Sunday, March 28, 2010

Elimination for Disobediences

There are several different ways of getting eliminated from your class at the horse show, all of which are described in the rule book. Today we will talk about eliminations resulting from multiple disobediences.

In both the hunter ring and the jumper ring, horses are eliminated after their second disobedience. The jumper rule, however, goes into much further detail.


The EC rule for multiple disobediences in the hunter ring is simply:

6. Second cumulative refusal, runout or bolting on course results in elimination. When a horse avoids an obstacle he is supposed to jump, it constitutes a refusal or runout. The horse must be brought back and jumped over the obstacle or he will be eliminated.

This just says that if your horse has refused or run out once, you must come back and jump that obstacle successfully before continuing around the course. After a second refusal or runout anywhere on course, you are eliminated.


Disobediences are defined as:

1. The following are considered as disobediences and are penalized as such (236 and 239):
1.1. a refusal;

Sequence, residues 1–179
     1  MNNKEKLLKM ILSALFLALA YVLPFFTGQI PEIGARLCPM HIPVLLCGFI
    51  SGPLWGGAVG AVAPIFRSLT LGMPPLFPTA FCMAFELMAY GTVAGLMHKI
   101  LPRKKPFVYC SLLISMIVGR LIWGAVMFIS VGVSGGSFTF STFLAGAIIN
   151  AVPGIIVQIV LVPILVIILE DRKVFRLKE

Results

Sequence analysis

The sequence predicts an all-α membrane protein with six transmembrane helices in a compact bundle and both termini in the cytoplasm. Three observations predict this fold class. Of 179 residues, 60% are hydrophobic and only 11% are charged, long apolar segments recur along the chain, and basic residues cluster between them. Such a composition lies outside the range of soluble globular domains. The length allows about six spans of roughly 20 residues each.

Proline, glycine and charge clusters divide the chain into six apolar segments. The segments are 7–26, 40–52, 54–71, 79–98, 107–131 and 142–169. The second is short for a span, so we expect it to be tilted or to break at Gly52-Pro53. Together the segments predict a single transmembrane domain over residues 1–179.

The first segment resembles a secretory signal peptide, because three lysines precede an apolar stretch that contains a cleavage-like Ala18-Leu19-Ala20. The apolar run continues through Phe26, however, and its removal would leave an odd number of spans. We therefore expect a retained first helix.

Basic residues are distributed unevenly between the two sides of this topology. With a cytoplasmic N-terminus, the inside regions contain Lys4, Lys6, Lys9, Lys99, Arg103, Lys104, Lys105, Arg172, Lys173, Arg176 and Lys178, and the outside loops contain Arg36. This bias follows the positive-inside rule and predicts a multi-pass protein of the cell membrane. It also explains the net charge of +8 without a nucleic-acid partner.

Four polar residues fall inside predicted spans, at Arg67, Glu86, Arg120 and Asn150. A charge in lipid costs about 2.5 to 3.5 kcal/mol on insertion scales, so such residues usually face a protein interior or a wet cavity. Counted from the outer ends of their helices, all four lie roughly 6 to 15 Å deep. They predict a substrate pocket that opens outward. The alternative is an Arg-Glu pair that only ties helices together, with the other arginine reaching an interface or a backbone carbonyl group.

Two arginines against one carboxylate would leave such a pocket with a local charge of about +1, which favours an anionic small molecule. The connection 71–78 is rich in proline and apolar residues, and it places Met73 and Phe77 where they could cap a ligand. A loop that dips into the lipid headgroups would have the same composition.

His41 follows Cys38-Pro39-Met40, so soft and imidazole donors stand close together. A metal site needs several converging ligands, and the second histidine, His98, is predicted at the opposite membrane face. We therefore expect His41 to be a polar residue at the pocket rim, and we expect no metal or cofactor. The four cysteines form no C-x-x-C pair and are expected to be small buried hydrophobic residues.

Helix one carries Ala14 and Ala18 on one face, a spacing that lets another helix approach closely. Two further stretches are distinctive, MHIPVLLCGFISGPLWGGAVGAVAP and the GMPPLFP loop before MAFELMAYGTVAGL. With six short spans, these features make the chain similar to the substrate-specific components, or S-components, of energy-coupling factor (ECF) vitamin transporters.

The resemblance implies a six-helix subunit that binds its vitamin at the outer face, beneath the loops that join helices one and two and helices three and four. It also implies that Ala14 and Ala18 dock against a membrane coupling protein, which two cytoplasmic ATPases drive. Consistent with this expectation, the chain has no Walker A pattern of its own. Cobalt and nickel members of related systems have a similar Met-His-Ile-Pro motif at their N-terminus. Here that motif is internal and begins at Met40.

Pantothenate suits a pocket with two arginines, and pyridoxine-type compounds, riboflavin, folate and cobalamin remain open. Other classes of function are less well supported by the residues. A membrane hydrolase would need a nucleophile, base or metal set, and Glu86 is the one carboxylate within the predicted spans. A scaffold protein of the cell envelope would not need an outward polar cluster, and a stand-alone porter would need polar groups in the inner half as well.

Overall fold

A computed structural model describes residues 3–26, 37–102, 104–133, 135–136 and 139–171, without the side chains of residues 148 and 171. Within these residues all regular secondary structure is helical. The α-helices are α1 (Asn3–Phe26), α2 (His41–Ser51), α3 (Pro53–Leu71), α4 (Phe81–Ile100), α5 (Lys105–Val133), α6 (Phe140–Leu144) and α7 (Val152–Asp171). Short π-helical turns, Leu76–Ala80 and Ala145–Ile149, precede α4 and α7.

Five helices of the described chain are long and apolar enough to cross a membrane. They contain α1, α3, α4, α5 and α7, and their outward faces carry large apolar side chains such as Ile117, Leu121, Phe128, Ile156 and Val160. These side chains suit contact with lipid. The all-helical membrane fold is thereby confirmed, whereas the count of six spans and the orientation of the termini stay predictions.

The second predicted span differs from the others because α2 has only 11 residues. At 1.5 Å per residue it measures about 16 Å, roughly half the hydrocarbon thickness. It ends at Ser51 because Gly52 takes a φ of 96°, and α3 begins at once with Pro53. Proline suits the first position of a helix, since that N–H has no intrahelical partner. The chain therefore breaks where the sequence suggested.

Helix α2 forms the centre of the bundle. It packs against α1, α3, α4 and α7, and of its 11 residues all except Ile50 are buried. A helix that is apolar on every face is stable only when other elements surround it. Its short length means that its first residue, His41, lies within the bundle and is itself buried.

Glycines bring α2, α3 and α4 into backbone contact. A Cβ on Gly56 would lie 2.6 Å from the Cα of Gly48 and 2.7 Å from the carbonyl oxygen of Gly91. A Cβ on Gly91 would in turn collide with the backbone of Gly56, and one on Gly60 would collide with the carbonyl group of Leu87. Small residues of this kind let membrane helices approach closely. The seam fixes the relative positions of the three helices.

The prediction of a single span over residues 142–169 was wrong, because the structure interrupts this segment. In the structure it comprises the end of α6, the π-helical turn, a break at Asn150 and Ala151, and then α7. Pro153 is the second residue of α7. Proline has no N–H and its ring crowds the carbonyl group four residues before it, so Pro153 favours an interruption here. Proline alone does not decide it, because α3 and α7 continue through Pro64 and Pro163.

1.2. a run-out;
1.3. a resistance;
1.4. a more or less regular circle or group of circles no matter where they occur on the course or for whatever reason. It is also a disobedience to circle around the last obstacle jumped unless the track of the course so requires.

What 1.4 basically means is that you cannot cross your path between two jumps without it counting as a disobedience.

If you are unsure of what constitutes a refusal, run-out or resistance, they are defined in FEI Articles 221, 222 and 223, available here.

Here is the EC rule regarding elimination in Table A and Table C competitions:

1. Faults are penalized in penalty points or by elimination according to the tables set out in this Chapter.
First disobedience - 4 penalties
Second disobedience or other infringement laid down under Article 240 - Elimination

2. Penalties under Table C
First disobedience - None
First disobedience, with a knock down and/or displacing of an obstacle - time correction 6 seconds
Second disobedience or other infringement laid down under article 240 or both - Elimination

Once you have been eliminated in the jumper ring, you have the right to jump a courtesy fence according to the following rule:

2. The competitor has the right to jump one single obstacle, after retiring or after being eliminated, providing that obstacle is part of the course of the current competition. This however does not apply to elimination resulting from a fall.

You must leave the arena without delay after being eliminated, so if you choose to use your courtesy jump, you should select it carefully. It should ideally be located on your way back to the in-gate so that you can jump it on your way out without circling back. Never take any jump backwards, and choose a jump that you have already taken successfully in order to give yourself a better chance at avoiding another refusal (this is especially important because you have only one shot at your courtesy fence).

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